The only other big change with extensions is reining-in the extend-and-trade rule. These deals are now limited to three years and 4.5% raises (down from six years and 10.5% raises). We can view this as a reaction to the Carmelo Anthony deal, where he essentially used extend-and-trade as the mechanism to force his way to New York. The rule change effectively takes power & leverage away from players such as Melo and gives it to the owners — so you know which side pushed for this change. :-)

  6. Geir

    Hi Larry,

    the recent Forbes franchise valuation numbers is but the latest evidence the owners totally owned the players in the latest cba negotiations. Do you think this shift in balance of power is healthy for the league long term? Will owners still press for further big concessions next time as speculated? What can the players do to get their act together and organize their case and their association better? Are they forever screwed because of the discrepancy in power and wealth between the two parties, as well as the internal conflicts between stars and non stars?

    • Larry Coon

      Yea, we predicted that with the tighter salary controls under the new CBA franchise values would skyrocket, and they did. But that’s not the only reason — it’s also in anticipation of new TV deals, future growth, new revenue streams, and long-term health & viability.

      The players benefit from all these things, so you can’t really say the owners owned the players. The latest agreement got the owners out of a system where many teams weren’t thriving — which, indirectly, was bad for the players as well. And when the new TV deal is struck, the players will have the opportunity to opt-out of the CBA if they think it’s disfavorable to them.

      So I think it worked out fine for the players — they’re getting a smaller share of a bigger pot, and the pot is the result of a healthier system.

      It’ll be interesting to see what happens in 2017. Will the owners try to plead poverty again? Will the players try to get a bigger share once the league is flush with cash under the new TV deal? If anything, a work stoppage favors the owners, so they’d be more likely to try to get more out of the players — but a work stoppage hurts them as well. We’ll see what happens.

  7. Pettine

    What is the max contract Lebron could get this summer?

    • Larry Coon

      It would start at $20,020,875, and last five years with $1,501,566 raises each year.

      There’s a possibility the 2014-15 cap will be high enough that the league-wide maximum salary for a 10+ year veteran will be higher than his personal maximum, so he could get a little more.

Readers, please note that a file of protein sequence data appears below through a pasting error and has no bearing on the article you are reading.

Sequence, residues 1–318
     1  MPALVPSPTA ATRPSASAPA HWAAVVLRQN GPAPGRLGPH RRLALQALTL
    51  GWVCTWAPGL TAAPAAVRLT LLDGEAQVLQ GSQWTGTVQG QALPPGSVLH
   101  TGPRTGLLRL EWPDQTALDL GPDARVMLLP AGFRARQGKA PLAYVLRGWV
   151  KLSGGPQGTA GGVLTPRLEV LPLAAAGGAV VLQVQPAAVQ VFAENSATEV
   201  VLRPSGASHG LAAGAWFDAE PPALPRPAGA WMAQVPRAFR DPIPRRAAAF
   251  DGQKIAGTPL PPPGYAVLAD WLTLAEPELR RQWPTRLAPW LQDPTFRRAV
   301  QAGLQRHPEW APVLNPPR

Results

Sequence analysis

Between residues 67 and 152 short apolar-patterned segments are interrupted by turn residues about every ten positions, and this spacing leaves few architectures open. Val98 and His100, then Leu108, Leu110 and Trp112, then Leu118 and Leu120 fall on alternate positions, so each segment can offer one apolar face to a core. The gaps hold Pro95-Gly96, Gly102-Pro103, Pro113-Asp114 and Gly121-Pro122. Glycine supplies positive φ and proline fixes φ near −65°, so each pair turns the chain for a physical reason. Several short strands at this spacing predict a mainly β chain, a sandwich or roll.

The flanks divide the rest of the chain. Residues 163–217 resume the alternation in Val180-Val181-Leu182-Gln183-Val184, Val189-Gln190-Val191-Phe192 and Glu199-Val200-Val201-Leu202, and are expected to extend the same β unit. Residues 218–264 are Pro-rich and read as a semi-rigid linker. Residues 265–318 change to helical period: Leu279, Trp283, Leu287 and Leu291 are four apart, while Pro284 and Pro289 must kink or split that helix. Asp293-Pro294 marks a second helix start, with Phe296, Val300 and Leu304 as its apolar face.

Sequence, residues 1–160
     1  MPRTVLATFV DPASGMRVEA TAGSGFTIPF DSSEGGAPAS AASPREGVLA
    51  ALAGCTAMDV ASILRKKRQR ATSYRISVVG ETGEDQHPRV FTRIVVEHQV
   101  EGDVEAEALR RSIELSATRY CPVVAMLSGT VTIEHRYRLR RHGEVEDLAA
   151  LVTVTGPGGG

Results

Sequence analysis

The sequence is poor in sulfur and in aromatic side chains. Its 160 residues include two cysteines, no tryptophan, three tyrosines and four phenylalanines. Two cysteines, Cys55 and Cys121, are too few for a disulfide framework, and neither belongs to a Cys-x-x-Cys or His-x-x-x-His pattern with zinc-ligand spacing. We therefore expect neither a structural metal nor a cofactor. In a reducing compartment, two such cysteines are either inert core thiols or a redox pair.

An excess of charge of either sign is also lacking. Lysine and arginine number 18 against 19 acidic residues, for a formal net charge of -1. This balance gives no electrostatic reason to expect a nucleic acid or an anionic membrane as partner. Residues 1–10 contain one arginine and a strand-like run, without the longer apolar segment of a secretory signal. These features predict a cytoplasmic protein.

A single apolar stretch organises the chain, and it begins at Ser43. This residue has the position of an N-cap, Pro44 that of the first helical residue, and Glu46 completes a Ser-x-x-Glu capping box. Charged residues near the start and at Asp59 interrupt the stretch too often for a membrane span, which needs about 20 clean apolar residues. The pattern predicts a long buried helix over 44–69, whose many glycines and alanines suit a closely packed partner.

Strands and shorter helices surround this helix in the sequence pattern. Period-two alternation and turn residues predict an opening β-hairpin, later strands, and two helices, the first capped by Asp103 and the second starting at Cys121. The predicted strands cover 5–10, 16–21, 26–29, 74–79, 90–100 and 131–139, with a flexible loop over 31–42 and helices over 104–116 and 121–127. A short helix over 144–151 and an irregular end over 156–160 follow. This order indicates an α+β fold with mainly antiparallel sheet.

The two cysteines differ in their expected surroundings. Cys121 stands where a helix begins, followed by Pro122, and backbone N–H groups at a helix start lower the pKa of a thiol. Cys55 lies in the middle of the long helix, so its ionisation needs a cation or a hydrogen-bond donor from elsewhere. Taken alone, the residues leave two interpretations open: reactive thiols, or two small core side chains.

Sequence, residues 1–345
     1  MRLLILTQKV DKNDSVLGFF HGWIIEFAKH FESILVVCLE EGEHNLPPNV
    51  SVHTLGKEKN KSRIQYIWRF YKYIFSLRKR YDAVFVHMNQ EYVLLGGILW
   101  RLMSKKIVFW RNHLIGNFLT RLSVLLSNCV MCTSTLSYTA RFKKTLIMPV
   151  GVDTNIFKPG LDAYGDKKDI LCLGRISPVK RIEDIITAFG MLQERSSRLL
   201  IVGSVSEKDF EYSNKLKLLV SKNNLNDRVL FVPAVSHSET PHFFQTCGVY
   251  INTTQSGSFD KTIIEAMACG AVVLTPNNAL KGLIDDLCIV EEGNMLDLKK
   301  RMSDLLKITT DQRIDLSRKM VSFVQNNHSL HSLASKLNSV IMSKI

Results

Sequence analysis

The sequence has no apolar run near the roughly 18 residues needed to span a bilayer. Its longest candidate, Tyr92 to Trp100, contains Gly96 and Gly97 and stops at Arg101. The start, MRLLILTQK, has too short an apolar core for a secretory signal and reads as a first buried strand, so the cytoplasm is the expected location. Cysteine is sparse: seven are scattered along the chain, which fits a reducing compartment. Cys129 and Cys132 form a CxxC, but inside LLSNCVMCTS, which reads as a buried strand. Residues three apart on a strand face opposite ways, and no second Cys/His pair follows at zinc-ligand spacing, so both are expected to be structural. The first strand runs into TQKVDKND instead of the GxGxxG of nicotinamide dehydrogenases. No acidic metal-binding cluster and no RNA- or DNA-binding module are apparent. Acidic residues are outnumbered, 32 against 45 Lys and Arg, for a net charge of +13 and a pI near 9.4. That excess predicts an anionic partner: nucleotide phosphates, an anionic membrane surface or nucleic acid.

8. Travis

    Hey Larry,

    Do you believe Pau Gasol gets traded or did the Lakers miss their shot? If he does get traded where does he land and for whom? Thanks for taking my question

    • Larry Coon

      I think they had a great shot with the Bynum trade, but it didn’t work out.

      The Lakers have two motivations for trading Gasol: 1) Salary savings this year (if they’re out of the tax this year, then they have immediate tax savings, and they delay any potential future repeater tax another year); and acquiring assets for their upcoming rebuild. The Bynum deal would have accomplished the first goal, but Mitch Kupchak couldn’t negotiate enough assets out of Chris Grant to accomplish the second.

      But there are no more Bynum-like deals to be had before the February trade deadline, so at best, Kupchak is looking at accomplishing the second goal but not the first. That may not be enough to get him to pull the trigger on a deal. I think it’s now fairly likely that Gasol remains a Laker for the remainder of the season.

  9. Mac - Boss Angeles

    Question about the Lakers / cap space – Lakers due to come into a lot of cap space. If they was able to trade for K Love now how would that affect cap space next yr vs waiting until all the money comes off the books?

    • Larry Coon

      The Lakers are currently on track to have about $26 million in cap room, minus their draft pick, cap holds, and whatever free agent Bird rights they retain.

      If they were to acquire Kevin Love via trade, the obvious question is for whom? I really don’t see a potential deal that entices the T-Wolves, and especially not in comparison to what they could get from other teams.

      But let’s say that they do agree to a trade, and that they do it for some of the Lakers’ ending salary (because Minny isn’t interested in trading Love for Steve Nash, Kobe Bryant or Robert Sacre). Love’s $15.7 million would then be on the Lakers’ books, so their cap room would be that much smaller (but you can add about $500K to it, because one cap hold would be removed).

  10. Keith

    If the Lakers don’t make the playoffs, and somehow get the #1 pick in the draft, how many cries of the draft being rigged do you think will happen?

    • Larry Coon

      Oh, lots of course. Facts never get in the way of motivated reasoning, or a good conspiracy theory.

      Keep in mind — when the lottery draw is done, there are representatives from all 14 lottery teams, the media, and an independent auditing firm there. The combinations assigned to each team are known in advance to all who are there, and the machine is checked & calibrated independently.

      If the system was rigged, it’d be pretty tough to do so, and if anything fishy was going on, you’d have to wonder why reps from the other 13 teams don’t scream about it.